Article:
December 11, 2017
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Trump rescinds protections for ‘dreamers,’ nearly 100 in Maine affected

By Jake Bleiberg, BDN Staff
Updated:
YURI GRIPAS | REUTERS | BDN
YURI GRIPAS | REUTERS | BDN
U.S. Attorney General Jeff Sessions speaks at a news conference to address the Deferred Action for Childhood Arrivals program at the Justice Department in Washington, Sept. 5, 2017.

The Trump administration will end an Obama-era program allowing undocumented immigrants brought to the country as minors to remain in the United States, Attorney General Jeff Sessions announced Tuesday.

The administration will “wind down” the Deferred Action for Childhood Arrivals, or DACA, program, which protects about 800,000 undocumented immigrants nationwide from deportation, including nearly 100 Maine residents who U.S. Rep. Chellie Pingree, D-Maine, said will be affected immediately by the decision.

Sessions called the program an unconstitutional overreach of executive power during a Tuesday morning press conference, but the administration is giving lawmakers a window to replace DACA with protections that have congressional support before the program expires in six months.

The announcement followed months of indecision from President Donald Trump, who promised to rescind DACA on the campaign trail but later suggested that people who are protected by it should “rest easy.”

Uncertainty over the program struck fear into so-called “dreamers,” one of whom told the Bangor Daily News in June that waiting for Trump to decide has been “like being a little kid afraid of the dark, wrapped in a blanket waiting for a monster to come, waiting for the sunlight.”

The Department of Homeland Security, which administers DACA, will no longer accept new applications for status under the program, which has provided renewable work permits and Social Security numbers to dreamers across the country since it was enacted by the Obama administration in 2012.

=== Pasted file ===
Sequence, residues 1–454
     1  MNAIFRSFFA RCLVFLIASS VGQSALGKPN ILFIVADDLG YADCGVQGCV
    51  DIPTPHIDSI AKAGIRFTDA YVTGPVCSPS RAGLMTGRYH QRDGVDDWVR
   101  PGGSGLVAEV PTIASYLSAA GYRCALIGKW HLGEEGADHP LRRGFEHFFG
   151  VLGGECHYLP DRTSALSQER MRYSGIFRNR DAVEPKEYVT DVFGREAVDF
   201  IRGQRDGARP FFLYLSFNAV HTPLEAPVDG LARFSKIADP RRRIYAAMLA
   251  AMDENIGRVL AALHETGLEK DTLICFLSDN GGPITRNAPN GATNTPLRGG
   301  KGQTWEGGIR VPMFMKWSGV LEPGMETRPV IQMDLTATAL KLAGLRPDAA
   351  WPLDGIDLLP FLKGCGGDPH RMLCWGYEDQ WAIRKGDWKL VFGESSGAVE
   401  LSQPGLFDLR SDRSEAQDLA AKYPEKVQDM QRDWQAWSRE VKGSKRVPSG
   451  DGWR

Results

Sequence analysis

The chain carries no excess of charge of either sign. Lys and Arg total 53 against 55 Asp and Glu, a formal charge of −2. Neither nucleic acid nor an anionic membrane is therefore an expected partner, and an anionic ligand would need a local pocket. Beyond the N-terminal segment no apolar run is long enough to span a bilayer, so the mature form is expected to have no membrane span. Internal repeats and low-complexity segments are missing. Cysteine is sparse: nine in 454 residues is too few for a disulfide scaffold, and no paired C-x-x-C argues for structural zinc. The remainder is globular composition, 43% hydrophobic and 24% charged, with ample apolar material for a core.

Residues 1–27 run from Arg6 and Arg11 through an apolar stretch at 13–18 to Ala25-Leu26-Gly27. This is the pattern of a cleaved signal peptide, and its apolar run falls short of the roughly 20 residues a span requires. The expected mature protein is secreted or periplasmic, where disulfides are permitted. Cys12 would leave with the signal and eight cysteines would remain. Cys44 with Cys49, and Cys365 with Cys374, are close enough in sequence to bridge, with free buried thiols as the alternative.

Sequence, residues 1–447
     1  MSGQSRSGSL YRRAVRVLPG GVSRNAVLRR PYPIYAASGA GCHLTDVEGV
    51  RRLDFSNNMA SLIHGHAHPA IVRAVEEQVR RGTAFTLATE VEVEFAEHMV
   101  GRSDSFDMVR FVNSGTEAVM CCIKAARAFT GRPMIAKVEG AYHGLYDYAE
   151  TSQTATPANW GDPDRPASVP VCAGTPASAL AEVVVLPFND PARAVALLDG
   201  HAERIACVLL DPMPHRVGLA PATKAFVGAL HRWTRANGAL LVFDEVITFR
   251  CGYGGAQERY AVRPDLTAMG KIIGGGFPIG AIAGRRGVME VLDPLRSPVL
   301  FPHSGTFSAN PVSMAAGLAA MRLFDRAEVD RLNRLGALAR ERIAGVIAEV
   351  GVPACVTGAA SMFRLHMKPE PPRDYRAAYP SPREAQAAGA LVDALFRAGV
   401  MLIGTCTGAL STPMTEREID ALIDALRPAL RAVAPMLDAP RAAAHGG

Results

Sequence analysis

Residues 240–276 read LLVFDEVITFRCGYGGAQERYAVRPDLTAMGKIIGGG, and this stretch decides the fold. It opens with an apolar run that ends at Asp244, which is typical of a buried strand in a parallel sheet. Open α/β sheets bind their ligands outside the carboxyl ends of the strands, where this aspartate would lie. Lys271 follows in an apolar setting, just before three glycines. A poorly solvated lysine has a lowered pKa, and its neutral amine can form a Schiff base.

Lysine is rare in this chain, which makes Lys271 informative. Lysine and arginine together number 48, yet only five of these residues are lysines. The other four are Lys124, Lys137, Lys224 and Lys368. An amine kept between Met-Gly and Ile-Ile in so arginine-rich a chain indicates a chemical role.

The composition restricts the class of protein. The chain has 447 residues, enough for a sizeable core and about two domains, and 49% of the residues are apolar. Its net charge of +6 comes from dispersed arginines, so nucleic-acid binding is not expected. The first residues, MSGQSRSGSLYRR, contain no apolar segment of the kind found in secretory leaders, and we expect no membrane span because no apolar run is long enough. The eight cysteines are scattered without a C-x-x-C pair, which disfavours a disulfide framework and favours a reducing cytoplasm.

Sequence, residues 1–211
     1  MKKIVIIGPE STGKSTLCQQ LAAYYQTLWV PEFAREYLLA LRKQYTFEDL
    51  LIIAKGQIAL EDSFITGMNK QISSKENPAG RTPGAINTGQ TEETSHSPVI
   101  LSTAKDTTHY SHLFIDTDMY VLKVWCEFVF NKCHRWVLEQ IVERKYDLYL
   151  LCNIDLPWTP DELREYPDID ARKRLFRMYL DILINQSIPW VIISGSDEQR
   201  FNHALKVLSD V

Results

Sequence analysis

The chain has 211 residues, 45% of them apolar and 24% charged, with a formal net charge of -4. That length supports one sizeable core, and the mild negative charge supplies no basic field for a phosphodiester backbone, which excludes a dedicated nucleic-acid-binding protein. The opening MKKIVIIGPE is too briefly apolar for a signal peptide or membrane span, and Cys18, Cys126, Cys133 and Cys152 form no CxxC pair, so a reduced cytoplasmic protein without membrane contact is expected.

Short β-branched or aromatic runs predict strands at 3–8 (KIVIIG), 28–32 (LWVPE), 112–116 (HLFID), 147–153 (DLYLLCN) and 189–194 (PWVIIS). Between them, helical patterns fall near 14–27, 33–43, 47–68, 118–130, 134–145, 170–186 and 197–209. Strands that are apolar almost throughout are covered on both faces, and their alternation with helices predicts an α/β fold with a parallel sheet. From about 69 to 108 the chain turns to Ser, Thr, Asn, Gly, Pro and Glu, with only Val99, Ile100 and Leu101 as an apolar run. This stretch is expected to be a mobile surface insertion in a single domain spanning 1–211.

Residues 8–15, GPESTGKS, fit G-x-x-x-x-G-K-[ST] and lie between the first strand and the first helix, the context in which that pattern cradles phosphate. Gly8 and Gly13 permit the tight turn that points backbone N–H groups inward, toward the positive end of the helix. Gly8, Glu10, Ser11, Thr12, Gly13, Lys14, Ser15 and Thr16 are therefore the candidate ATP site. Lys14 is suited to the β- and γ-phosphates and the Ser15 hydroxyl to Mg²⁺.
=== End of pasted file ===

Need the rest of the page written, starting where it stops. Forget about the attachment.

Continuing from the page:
The agency said that those now enrolled in the program will be able to continue working until their permits expire, and that those whose permits expire by March 5, 2018, will have the chance to apply for two-year renewals as long as they do so by Oct. 5.

Former DACA recipients whose work permits have expired will be subject to deportation but will be low priorities for immigration enforcement, according to administration officials.

All four members of the Maine Congressional delegation called for lawmakers to enact protections for the people who will be exposed to deportation by Trump ending the federal program.

Pingree said that Trump’s decision was “irresponsible and inhumane,” adding that it is now up to lawmakers to “clean up” the president’s “mess.” While Rep. Bruce Poliquin, a Republican representing Maine’s 2nd Congressional District, echoed the Trump administration’s sentiment that President Obama had overreached in creating the program, he added that law-abiding dreamers “should be protected from deportation through legislative action by Congress.”

Likewise, Sen. Angus King, an independent, said that he’s disappointed with Trump’s decision but optimistic that Congress will find a “long-term legislative solution.” And Sen. Susan Collins, a Republican, said that Congress “must act quickly to protect those who were brought to the U.S. as children [and] in many cases know only our country as home.”

“It is not right to hold children responsible for the actions of their parents,” Collins, a Republican, said on Twitter.

Trump’s decision was also decried by Maine Attorney General Janet Mills, a Democrat who is seeking her party’s nomination for governor.

Although the vast majority of immigrants in Maine entered the country legally, since DACA’s inception, U.S. Citizen and Immigration has approved 429 applications and reapplications for status under the executive action in the state.

And over the past year, the seven colleges in the University of Maine System all began offering in-state tuition to DACA recipients who are qualified Maine residents.

Last school year, 13 of the roughly 29,000 students in those schools told the administration that they had DACA status, according a spokesman.

In response to the Tuesday’s announcement, University of Maine System Board Chairman James Erwin said that the schools will be “monitoring any congressional proposal to change existing federal immigration standards that may impact the system’s non-citizen students.”

“We are … hopeful that Congress will act to bring certainty to the immigration status of those who seek to better themselves by lawfully pursuing a Maine public higher education and the resulting credentials and degrees that open the door to employment opportunities in our state,” Erwin said in a statement.

Reuters contributed reporting.

 


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